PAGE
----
Fifty-two local students graduated from Telstar or Gould this Spring. Thirty-six are planning on college in the Fall. Ten in community colleges, 10 in the University of Maine System, 11 out-of-state. The schools are very various. SMCC: how many community colleges, how many colleges, period, have their own beach? Farmington: state university as liberal arts college. White Mountains CC: a great culinary program has obviously influenced the best college cafeteria around.

Big, small, local, distant, there’s something they all share: things won’t be “normal” this Fall. There will be social distancing on campus: whatever you may think, it’s a courtesy to others. Masks will be required in some places and situations. If you reside on campus, you’ll probably be defined by your floor or corridor or suite: small groups well-separated from others will keep possible infection from spreading widely.

Classrooms will hold fewer students safely: contact hours (a newly meaningful term) may be limited so everybody gets a turn. Register for that popular course you really want, as early as you can. An infection upsurge could stop face-to-face classes early: expect to do a lot of work on your own (true of college in any case).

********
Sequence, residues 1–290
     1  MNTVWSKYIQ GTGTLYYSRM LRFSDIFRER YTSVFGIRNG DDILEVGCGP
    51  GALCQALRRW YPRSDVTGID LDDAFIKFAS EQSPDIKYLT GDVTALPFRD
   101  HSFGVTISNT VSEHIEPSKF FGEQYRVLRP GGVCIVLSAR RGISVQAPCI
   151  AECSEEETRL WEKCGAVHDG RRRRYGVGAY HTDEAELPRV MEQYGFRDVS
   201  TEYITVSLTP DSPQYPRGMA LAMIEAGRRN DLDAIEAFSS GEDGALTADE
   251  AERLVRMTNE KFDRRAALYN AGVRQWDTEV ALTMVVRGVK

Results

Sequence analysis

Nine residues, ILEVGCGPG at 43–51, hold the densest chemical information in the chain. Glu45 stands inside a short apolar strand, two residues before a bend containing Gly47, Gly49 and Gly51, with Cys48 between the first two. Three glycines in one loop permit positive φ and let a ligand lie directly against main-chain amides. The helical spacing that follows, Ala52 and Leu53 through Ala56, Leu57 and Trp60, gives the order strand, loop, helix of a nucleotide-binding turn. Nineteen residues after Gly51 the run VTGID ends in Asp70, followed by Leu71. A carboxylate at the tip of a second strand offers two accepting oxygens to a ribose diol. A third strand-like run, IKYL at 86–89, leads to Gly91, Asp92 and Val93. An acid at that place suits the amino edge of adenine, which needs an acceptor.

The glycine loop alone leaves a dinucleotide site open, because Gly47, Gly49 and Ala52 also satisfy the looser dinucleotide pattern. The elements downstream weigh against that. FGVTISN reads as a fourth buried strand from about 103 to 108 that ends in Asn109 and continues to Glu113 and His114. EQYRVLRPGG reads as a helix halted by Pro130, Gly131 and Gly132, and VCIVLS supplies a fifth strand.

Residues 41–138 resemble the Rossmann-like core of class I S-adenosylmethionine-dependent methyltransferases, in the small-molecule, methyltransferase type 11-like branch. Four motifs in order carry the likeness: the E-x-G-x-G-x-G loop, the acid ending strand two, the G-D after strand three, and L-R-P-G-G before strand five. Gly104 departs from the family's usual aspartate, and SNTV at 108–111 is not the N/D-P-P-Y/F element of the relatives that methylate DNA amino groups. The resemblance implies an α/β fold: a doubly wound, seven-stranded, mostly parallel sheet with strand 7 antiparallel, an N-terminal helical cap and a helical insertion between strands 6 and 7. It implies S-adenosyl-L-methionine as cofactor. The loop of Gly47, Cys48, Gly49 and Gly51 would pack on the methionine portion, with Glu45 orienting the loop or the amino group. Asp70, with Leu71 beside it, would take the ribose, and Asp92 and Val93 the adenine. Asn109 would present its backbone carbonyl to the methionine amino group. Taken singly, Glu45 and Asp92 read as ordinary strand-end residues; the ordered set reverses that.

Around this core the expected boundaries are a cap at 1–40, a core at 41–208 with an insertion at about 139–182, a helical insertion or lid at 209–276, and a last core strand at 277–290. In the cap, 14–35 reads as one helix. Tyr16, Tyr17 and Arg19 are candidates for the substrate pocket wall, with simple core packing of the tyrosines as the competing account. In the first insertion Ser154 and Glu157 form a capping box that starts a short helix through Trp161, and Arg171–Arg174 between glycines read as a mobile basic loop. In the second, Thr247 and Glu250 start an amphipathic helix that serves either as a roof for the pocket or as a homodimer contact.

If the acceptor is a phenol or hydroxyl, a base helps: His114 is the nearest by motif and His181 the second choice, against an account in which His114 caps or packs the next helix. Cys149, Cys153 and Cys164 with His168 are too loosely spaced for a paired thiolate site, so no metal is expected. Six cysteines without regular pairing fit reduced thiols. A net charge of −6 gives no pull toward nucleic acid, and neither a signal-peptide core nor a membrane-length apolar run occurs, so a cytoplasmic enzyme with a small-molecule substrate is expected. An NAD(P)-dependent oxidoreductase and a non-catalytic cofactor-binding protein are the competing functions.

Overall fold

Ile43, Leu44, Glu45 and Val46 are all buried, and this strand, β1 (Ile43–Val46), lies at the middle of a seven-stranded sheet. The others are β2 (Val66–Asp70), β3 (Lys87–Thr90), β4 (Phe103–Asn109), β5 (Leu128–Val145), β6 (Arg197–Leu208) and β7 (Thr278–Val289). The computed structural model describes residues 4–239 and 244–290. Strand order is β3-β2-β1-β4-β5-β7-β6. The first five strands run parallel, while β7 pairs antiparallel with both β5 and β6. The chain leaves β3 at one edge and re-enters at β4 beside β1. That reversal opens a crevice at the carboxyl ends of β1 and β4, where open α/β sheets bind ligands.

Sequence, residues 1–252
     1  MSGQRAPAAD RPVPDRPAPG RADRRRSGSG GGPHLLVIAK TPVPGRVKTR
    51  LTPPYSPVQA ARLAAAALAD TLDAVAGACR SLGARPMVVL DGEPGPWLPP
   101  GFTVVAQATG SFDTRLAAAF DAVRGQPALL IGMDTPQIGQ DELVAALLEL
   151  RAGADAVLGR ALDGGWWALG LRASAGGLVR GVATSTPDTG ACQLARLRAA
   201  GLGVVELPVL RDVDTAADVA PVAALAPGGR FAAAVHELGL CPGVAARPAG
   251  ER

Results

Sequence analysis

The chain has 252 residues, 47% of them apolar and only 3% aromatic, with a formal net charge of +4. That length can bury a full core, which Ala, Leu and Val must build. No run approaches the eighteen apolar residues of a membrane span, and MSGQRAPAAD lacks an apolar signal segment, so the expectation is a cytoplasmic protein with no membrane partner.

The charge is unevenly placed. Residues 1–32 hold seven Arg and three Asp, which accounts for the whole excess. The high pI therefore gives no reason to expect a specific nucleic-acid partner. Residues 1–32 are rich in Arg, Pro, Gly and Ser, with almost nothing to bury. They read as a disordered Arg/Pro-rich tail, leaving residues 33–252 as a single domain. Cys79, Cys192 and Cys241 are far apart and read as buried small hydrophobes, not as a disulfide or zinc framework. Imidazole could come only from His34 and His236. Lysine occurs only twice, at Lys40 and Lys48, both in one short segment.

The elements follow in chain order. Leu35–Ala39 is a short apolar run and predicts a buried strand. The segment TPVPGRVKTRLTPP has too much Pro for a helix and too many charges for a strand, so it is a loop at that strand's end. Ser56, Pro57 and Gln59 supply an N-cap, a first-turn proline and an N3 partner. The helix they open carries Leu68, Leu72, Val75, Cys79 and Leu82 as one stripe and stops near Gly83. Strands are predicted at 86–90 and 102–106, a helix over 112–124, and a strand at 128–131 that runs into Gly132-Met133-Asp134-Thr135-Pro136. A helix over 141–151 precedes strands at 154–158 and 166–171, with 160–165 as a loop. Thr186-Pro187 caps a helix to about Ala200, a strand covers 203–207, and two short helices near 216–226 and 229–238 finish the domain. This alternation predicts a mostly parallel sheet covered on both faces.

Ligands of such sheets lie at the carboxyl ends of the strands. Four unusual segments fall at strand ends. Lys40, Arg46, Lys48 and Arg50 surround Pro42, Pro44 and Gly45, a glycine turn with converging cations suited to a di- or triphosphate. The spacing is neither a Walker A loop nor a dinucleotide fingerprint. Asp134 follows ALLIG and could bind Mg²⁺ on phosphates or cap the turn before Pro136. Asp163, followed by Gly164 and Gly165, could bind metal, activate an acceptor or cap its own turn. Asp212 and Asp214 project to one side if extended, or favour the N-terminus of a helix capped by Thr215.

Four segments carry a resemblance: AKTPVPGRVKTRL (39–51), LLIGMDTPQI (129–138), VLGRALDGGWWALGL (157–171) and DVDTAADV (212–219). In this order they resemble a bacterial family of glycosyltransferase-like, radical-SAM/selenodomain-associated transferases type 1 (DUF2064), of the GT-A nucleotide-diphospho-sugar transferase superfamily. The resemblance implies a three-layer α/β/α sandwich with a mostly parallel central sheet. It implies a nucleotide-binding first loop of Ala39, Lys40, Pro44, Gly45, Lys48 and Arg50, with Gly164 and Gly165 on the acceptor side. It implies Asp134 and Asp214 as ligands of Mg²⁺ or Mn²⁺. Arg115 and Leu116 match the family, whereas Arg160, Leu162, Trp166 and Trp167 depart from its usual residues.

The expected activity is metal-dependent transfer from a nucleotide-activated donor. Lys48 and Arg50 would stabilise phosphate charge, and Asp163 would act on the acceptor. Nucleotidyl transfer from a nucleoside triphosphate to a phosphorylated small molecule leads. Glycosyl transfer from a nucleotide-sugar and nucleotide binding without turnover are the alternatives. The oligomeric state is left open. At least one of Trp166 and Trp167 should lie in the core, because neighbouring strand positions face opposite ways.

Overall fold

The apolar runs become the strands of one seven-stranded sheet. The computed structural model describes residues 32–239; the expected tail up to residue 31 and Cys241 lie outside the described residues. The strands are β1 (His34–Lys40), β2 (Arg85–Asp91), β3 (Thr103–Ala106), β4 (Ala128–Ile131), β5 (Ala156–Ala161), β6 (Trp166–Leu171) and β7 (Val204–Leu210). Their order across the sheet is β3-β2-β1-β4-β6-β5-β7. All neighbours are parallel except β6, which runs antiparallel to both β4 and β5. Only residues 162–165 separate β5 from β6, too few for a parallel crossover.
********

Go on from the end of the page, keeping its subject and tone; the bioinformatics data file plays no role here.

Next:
High school probably won’t be your last Zoom class. All kinds of colleges will be encouraging enrolment in non-face-to-face classes. Face-to-face means being there; interacting with others in an encouraging environment. It’s an important part of college; grab it when you can.

In mediated learning: you, your instructor, and fellow students meet onscreen, at home or at school; there’s a class schedule, and encouragement if you’re comfortable with the mode. Some of this is well designed; some will be hurried makeshifts.

Then there’s computer-based learning; the student interacts with the program, with little contact with teachers. It’s often asynchronous: the student works when she chooses. Unfortunately, too many students choose later, and later… It works well for some subjects, and some students.

In Australia, where I worked in distance education for twenty years, we found that when people have a choice they like to mix and match. Go ahead.

David R Jones prefers face-to-face, but is facing up to other modes these days.

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